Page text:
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Crop-burning could have been avoided this year, but finding money was a problem

Rs 3,000-cr package discussed in September but states wanted Centre to pay, which said no budget

delhi pollution, crop burning, smog, air quality index, stubble burning, cii, niti aayog clean air initiative, indian express Stubble from the harvested paddy being burnt in fields near Panipat, Haryana. (Express photo by Amit Mehra/Files)

This season’s stubble-burning in north and north-western India, believed to be largely responsible for the heavy smog over Delhi, could have been avoided if the Centre and the states concerned had agreed on a formula to share the burden of a newly finalised financial incentive package to dissuade farmers from burning their crops, a senior official confirmed to The Indian Express.

The package worth more than Rs 3,000 crore was recommended by one of the task-forces set up under the CII-NITI Aayog Cleaner Air initiative earlier this year. In its report submitted in September, the task force had argued that farmers needed financial help in shifting to alternative ways of dealing with the agricultural waste. Among the easy alternatives suggested was the burning of waste in a brick-and-clay dome-like structure in the absence of oxygen to produce biochar or prali-char, a carbon-rich residue which has commercial value as soil nutrient.

It was realised that farmers needed to be provided money not just to build the brick-and-clay structures but also to pay for the labour needed to cut the waste and take it to the burning facility.

The proposal for the financial package was discussed with officials of Punjab, Rajasthan, Haryana and Uttar Pradesh at a video-conference organised by NITI Aayog, in which senior officers of the Central government also participated. After assessing the quantity of crop-burning in each of these states, the task force had calculated that farmers in Punjab alone required nearly Rs 1,500 crore this season. Farmers in other states together required a similar amount.

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At the video-conference, state government officials asked the Centre to provide them this money. Punjab, in particular, is learnt to have said that it did not have the requisite funds for the financial package. The Centre, on the other hand, argued that there was no existing scheme or budget head under which money to prevent crop-burning could be transferred to the states. It is also said to have expressed apprehension that even if it did find some way to make a payment to these four states, there could be similar demands from other states as well. Accordingly, it urged the state governments to find funds from their own resources, and distribute the money quickly so that crop-burning could be avoided this season itself.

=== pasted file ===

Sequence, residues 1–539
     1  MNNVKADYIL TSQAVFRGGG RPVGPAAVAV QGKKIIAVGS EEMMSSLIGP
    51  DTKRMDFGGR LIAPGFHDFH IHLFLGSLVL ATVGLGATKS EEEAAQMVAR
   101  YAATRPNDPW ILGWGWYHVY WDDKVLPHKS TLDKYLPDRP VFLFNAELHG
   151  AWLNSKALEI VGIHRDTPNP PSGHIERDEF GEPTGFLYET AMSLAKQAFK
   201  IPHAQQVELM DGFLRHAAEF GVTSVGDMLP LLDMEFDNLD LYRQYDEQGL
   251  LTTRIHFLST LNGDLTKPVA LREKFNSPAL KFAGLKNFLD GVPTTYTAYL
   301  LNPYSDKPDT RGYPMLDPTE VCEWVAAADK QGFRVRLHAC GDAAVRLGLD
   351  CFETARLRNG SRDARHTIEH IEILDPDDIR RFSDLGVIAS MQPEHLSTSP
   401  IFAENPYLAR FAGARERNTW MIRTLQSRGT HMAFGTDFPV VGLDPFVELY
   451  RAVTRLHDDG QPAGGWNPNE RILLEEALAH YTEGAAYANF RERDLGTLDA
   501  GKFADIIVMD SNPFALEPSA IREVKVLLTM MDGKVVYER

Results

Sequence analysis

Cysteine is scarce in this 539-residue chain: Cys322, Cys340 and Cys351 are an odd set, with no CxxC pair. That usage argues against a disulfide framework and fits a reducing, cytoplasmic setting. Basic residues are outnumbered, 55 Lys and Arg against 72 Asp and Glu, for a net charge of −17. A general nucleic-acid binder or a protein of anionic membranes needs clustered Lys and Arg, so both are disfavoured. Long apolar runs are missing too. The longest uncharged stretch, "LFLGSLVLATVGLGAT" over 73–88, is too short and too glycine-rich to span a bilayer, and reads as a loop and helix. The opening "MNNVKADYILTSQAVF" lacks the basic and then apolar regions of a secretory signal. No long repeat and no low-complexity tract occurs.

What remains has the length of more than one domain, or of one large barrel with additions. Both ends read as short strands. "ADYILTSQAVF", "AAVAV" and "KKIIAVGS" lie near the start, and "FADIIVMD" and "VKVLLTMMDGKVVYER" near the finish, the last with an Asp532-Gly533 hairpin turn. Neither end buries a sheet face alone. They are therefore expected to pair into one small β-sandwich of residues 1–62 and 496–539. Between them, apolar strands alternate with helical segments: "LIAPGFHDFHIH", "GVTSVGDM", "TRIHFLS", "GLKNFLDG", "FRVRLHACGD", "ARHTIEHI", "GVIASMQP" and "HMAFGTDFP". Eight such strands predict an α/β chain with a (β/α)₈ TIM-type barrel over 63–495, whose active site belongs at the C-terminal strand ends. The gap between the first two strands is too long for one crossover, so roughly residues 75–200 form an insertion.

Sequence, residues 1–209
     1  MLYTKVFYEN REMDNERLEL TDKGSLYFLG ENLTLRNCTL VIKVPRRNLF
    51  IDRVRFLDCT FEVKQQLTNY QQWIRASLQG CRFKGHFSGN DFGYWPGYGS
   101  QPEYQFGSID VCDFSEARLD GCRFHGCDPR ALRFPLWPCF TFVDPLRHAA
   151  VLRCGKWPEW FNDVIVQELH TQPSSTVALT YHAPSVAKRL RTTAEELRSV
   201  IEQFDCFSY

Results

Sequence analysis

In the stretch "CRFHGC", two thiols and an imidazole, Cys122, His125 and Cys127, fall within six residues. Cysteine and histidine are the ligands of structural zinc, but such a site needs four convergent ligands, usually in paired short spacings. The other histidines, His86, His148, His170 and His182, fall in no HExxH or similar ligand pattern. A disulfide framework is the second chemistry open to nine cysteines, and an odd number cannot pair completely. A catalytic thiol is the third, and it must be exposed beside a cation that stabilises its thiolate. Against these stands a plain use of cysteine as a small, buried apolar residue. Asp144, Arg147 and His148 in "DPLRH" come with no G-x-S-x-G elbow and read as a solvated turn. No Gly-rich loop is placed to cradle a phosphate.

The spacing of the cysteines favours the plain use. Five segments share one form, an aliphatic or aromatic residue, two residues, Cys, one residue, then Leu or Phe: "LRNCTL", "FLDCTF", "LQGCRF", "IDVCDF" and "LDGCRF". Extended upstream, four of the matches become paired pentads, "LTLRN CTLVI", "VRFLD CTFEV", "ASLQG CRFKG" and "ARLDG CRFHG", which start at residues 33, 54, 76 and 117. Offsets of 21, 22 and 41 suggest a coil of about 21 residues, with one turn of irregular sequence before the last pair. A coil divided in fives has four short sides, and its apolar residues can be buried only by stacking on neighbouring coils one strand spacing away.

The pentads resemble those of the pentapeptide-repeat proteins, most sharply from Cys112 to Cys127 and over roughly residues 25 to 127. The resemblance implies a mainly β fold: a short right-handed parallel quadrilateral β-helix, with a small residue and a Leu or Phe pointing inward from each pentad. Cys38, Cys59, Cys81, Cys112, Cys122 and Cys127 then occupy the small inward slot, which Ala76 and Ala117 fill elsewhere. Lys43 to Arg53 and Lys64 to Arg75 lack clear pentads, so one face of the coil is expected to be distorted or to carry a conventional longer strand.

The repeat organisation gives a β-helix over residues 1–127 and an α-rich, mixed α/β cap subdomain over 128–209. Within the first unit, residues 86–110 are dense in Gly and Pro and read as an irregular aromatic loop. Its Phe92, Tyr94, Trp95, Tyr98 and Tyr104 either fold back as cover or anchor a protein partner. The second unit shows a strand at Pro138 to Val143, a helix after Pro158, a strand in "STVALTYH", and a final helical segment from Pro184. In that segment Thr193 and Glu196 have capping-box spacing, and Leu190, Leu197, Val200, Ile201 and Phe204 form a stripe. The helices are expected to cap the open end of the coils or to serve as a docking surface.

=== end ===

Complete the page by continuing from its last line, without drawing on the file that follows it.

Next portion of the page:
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However, the issue of who would pay the money remained unresolved and it became apparent that the financial package could not be rolled out this season. In subsequent communications, the Centre and state governments agreed to continue the discussions to work out a mutually agreeable burden-sharing formula in time for the next season of crop-burning. It was realised that it would also give the governments adequate time to finalise the logistics of the exercise, like calculating the payment to be made to each farmer after assessing his or her land-holding and the quantity of agricultural waste generated. It was decided that the payments could be made through the direct benefits transfer route, directly into the bank accounts of farmers.


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In the nearly year-long window, the governments also hope to sensitise the farmers to other financially rewarding alternatives of crop-burning, in which the agricultural waste could be put to more meaningful uses, like production of bio-CNG and bio-ethanol.

But all this, including sustainable long-term production of biochar or prali-char, requires the creation of suitable markets which will put a monetary value on agricultural waste, thus discouraging farmers from burning the stubble, which currently has zero value to them.

First published on: 13-11-2017 at 05:20:26 am
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